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How to Get a Business License #business #online

#business license

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How to Get a Business License

If you are planning on starting your own business. chances are that you will need some type of license or permit – maybe more than one – to move forward legally. A business license is a permit issued by a government agency that allows business to be conducted in said government’s geographic jurisdiction. By and large, your state or local government will determine which licenses and permits are required to operate in its jurisdiction. Additionally, the federal government requires special licenses for certain industries.

Why Is a Business License Required?

Obtaining a business license is necessary for three main reasons:

  1. So the government can track taxable revenue
  2. So consumers are protected in federally regulated industries
  3. So that you may demonstrate your level of professional expertise

Determining the requirements for your business is the first and most important step.

Identifying License and Permit Requirements

Business licensing requirements are determined by:

  1. Business activity
  2. Physical location

The U.S. Small Business Administration provides a great resource for determining the licensing requirements in your area. After entering in your local zip code and the type of business you are starting, you are presented with a list of the permits and licenses you will need along with the locations at which you can find the requisite forms.

NAICS Code

Before you can apply for a license, you will need to determine your business activity code. which is based on the North American Industry Classification System (NAICS). In order to select the proper code, you must determine the activities from which your business will derive the largest percentage of its total receipts, which is defined as the sum of gross receipts or sales plus all other income.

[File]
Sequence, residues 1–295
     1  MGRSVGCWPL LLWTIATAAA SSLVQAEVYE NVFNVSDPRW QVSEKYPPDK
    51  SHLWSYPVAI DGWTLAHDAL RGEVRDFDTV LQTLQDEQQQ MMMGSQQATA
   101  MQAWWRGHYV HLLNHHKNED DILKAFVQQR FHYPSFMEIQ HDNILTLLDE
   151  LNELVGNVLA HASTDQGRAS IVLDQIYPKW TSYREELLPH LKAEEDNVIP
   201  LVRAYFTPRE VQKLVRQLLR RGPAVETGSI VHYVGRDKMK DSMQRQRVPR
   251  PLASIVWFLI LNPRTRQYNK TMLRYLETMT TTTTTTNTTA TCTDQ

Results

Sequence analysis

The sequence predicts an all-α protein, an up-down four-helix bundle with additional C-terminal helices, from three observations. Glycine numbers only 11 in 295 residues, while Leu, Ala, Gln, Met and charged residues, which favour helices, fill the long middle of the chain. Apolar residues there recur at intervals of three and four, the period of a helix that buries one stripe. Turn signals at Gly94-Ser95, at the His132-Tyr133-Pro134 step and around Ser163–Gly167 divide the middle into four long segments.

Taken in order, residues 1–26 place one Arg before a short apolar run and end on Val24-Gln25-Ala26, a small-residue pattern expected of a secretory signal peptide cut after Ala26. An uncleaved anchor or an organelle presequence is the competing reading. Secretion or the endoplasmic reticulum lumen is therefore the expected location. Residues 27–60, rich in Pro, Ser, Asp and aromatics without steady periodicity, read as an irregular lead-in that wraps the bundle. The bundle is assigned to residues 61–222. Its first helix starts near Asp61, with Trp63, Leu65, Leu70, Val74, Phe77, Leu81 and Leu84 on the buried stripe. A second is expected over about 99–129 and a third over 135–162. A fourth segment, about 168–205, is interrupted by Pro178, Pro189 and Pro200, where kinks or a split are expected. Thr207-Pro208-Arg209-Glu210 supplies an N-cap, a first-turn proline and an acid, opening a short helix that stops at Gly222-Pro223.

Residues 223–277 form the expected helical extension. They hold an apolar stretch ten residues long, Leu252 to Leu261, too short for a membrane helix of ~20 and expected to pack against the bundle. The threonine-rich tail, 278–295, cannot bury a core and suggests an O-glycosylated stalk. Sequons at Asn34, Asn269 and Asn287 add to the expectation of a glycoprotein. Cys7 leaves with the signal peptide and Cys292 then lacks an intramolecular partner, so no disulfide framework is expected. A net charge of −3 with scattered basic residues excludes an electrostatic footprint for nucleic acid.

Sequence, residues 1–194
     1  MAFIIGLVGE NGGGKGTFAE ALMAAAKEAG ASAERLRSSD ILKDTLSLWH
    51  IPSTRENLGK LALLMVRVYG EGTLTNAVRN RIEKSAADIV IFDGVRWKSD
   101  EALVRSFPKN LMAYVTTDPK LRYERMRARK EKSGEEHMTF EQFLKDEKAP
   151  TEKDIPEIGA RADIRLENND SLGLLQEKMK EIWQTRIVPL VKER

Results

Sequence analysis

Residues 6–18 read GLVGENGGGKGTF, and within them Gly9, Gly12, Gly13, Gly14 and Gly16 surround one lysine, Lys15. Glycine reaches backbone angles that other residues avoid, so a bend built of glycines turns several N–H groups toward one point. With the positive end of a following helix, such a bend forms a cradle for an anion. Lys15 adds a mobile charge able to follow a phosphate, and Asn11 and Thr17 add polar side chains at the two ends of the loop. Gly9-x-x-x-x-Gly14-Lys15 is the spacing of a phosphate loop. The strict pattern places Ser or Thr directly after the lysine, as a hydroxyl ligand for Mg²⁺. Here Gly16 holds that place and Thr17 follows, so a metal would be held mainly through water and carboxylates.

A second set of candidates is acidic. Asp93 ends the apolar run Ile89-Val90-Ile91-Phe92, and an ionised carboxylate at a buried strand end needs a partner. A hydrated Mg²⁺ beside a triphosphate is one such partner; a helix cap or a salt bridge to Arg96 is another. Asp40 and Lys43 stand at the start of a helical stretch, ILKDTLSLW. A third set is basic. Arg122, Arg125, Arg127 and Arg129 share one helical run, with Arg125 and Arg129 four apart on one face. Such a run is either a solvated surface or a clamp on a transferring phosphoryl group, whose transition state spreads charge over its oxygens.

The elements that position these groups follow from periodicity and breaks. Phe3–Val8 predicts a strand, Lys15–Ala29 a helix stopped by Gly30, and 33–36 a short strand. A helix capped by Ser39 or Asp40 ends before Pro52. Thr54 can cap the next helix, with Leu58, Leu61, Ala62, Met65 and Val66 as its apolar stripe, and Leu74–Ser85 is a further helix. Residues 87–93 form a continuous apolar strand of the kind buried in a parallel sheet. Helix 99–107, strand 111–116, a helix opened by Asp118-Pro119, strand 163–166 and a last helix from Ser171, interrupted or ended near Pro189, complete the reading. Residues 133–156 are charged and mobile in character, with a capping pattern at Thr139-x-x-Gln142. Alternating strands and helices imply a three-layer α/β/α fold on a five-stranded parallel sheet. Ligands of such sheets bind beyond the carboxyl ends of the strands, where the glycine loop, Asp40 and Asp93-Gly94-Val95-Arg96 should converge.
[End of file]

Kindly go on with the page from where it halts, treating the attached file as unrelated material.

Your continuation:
Taxation Requirements

The Internal Revenue Service requires businesses to register to receive a Federal Tax Identification number. also known as an Employer Identification Number (EIN). Your business will need an EIN if you can answer yes to any of the following questions:

  • Do (or will) you have employees?
  • Do (or will) you operate your business as a corporation or a partnership?
  • Do (or will) you file any of these tax returns: Employment, Excise, or Alcohol, Tobacco and Firearms?
  • Do (or will) you withhold taxes on income, other than wages, paid to a non-resident alien?
  • Do (or will) you have a Keogh plan ?
  • Are (or will you be) you involved with any of the following types of organizations?

    Trusts, except certain grantor-owned revocable trusts, IRAs, Exempt Organization Business Income Tax Returns

    Real estate mortgage investment conduits

    Licenses and Permits

    Federal

    If your business will fall under the regulating eye of a federal agency, you will need to obtain the corresponding federal license or permit. Examples of business activities that may require such licenses include:

    • Agriculture
    • Alcoholic beverages
    • Aviation
    • Firearms, ammunition and explosives,
    • Fish and wildlife,
    • Mining and drilling
    • Nuclear energy
    • Radio and Television broadcasting
    • Transportation and logistics

    Permits can usually be found online, on the website of the entity that regulates the specific regulated activity the business will engage in. For example, if your business is involved in agricultural activities, you can find the necessary applications at the website for the U.S. Department of Agriculture. If you plan to broadcast your own television or radio program, you can find the necessary application online via the Federal Communications Commission .

    State/Local

    It will also be necessary for you to register for applicable tax permits with state and local agencies. For instance, if your business will be selling goods or services, and you are operating in a state which levies an income tax, you will be obligated to obtain a tax license so that the state can track your taxable revenue. Contact the license commissioner in your county or municipality and the office of your state’s Secretary of State to find out the exact requirements that apply to you.

    Home-Based Considerations

    Even sole proprietorships run out of someone’s home are required to obtain business licenses in some areas. These can include:

    • General business licenses
    • Trade licenses (such as a license to operate a child care service or sell real estate)
    • Sales tax permits
    • Health and safety permits
    • Sign permits
    • Zoning permits

    Filling Out and Filing the Forms